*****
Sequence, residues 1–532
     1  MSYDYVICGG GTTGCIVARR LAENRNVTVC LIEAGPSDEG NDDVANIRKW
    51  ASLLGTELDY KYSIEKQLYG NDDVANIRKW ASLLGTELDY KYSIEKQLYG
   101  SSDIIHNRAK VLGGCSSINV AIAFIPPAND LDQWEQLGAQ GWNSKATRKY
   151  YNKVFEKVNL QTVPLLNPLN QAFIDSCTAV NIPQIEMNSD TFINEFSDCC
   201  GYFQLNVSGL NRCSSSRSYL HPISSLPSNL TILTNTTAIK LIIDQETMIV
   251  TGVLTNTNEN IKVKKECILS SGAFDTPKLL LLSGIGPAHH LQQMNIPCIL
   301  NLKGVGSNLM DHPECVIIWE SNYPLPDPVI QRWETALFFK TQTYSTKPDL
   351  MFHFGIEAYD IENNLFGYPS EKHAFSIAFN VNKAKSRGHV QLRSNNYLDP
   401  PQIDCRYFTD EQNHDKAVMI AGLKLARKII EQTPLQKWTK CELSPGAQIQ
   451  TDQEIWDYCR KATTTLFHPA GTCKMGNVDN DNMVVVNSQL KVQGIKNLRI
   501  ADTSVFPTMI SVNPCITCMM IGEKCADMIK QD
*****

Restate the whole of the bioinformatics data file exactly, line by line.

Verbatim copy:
Sequence, residues 1–532
     1  MSYDYVICGG GTTGCIVARR LAENRNVTVC LIEAGPSDEG NDDVANIRKW
    51  ASLLGTELDY KYSIEKQLYG NDDVANIRKW ASLLGTELDY KYSIEKQLYG
   101  SSDIIHNRAK VLGGCSSINV AIAFIPPAND LDQWEQLGAQ GWNSKATRKY
   151  YNKVFEKVNL QTVPLLNPLN QAFIDSCTAV NIPQIEMNSD TFINEFSDCC
   201  GYFQLNVSGL NRCSSSRSYL HPISSLPSNL TILTNTTAIK LIIDQETMIV
   251  TGVLTNTNEN IKVKKECILS SGAFDTPKLL LLSGIGPAHH LQQMNIPCIL
   301  NLKGVGSNLM DHPECVIIWE SNYPLPDPVI QRWETALFFK TQTYSTKPDL
   351  MFHFGIEAYD IENNLFGYPS EKHAFSIAFN VNKAKSRGHV QLRSNNYLDP
   401  PQIDCRYFTD EQNHDKAVMI AGLKLARKII EQTPLQKWTK CELSPGAQIQ
   451  TDQEIWDYCR KATTTLFHPA GTCKMGNVDN DNMVVVNSQL KVQGIKNLRI
   501  ADTSVFPTMI SVNPCITCMM IGEKCADMIK QD